The roundtable provided a platform for impacted persons to share their story and provided a voice for many others who have been harmed as a result of the government’s overreach under the “China Initiative.” Racial bias and targeting of Asian Americans is not new in our history, but a continuing reality that has been fueled in recent years by a growing xenophobic and racist backlash against immigrants. Despite being part of the fabric of American society for centuries, Asian immigrants and their descendants are viewed as “perpetual foreigners” and not American. This racism has manifested itself at many points throughout U.S. history, including with the “Yellow Peril” and Chinese Exclusion Act of 1882, the incarceration of over 120,000 Japanese Americans during World War II, and the scapegoating and violence directed against the Arab, Middle Eastern, Muslim, and South Asian communities after 9/11. Asian Americans are now living in the midst of the latest wave of resurgent xenophobia that is inextricably tied to this nation’s history.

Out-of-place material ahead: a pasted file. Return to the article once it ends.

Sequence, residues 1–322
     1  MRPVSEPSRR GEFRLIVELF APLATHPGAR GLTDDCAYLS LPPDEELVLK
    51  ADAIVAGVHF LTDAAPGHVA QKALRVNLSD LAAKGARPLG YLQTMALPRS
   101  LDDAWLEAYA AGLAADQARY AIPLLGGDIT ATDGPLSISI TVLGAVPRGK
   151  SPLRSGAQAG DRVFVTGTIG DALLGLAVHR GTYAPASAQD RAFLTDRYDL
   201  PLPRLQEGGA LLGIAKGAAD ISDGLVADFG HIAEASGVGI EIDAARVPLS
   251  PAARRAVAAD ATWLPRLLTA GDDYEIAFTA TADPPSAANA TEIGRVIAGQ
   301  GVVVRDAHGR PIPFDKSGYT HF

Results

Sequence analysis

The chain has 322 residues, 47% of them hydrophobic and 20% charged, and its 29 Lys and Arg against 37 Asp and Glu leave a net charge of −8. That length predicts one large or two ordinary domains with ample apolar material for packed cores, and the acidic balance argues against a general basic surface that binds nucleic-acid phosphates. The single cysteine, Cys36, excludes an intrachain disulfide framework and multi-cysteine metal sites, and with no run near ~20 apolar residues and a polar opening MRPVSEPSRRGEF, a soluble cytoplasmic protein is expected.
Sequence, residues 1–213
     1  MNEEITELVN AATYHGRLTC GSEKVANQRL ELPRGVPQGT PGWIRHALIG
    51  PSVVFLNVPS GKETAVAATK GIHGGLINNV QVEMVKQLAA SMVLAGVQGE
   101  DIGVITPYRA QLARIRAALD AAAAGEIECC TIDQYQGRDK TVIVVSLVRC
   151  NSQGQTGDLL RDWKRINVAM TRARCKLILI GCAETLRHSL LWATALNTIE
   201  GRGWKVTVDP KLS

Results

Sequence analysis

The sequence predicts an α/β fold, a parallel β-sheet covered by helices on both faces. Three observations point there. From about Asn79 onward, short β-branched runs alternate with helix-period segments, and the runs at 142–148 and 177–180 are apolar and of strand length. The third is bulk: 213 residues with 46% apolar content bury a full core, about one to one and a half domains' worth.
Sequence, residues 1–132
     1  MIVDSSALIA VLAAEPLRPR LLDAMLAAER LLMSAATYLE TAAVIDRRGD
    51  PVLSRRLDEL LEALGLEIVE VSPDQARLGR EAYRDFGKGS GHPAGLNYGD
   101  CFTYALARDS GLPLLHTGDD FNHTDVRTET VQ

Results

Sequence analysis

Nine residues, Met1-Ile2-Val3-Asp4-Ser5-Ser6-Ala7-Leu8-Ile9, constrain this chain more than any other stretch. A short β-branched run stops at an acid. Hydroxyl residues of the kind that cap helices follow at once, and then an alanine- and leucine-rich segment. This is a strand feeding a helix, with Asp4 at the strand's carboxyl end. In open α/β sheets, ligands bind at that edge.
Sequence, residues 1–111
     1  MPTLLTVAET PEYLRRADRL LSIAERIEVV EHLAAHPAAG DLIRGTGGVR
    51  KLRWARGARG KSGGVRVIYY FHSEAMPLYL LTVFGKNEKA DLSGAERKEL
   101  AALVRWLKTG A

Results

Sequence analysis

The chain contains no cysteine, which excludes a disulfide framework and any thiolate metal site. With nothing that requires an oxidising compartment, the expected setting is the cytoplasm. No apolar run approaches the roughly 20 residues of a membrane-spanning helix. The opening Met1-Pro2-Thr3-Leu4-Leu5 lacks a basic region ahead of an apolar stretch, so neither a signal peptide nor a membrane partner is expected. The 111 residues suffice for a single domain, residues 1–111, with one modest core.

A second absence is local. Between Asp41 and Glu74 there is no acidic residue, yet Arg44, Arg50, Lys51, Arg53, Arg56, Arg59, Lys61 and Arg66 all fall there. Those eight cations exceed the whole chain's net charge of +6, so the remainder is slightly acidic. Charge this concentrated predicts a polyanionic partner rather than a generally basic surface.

Xenophobic, anti-immigrant, and racist rhetoric used by former President Trump and other elected officials fueled this resurgent xenophobia against immigrants and those of Asian descent. Former President Trump and other elected officials blamed China for COVID-19, and called it the “Chinese virus,” “Wuhan virus,” “kung flu,” and “China plague.” Public health experts have advised that language around infectious disease that stigmatizes communities must not be used.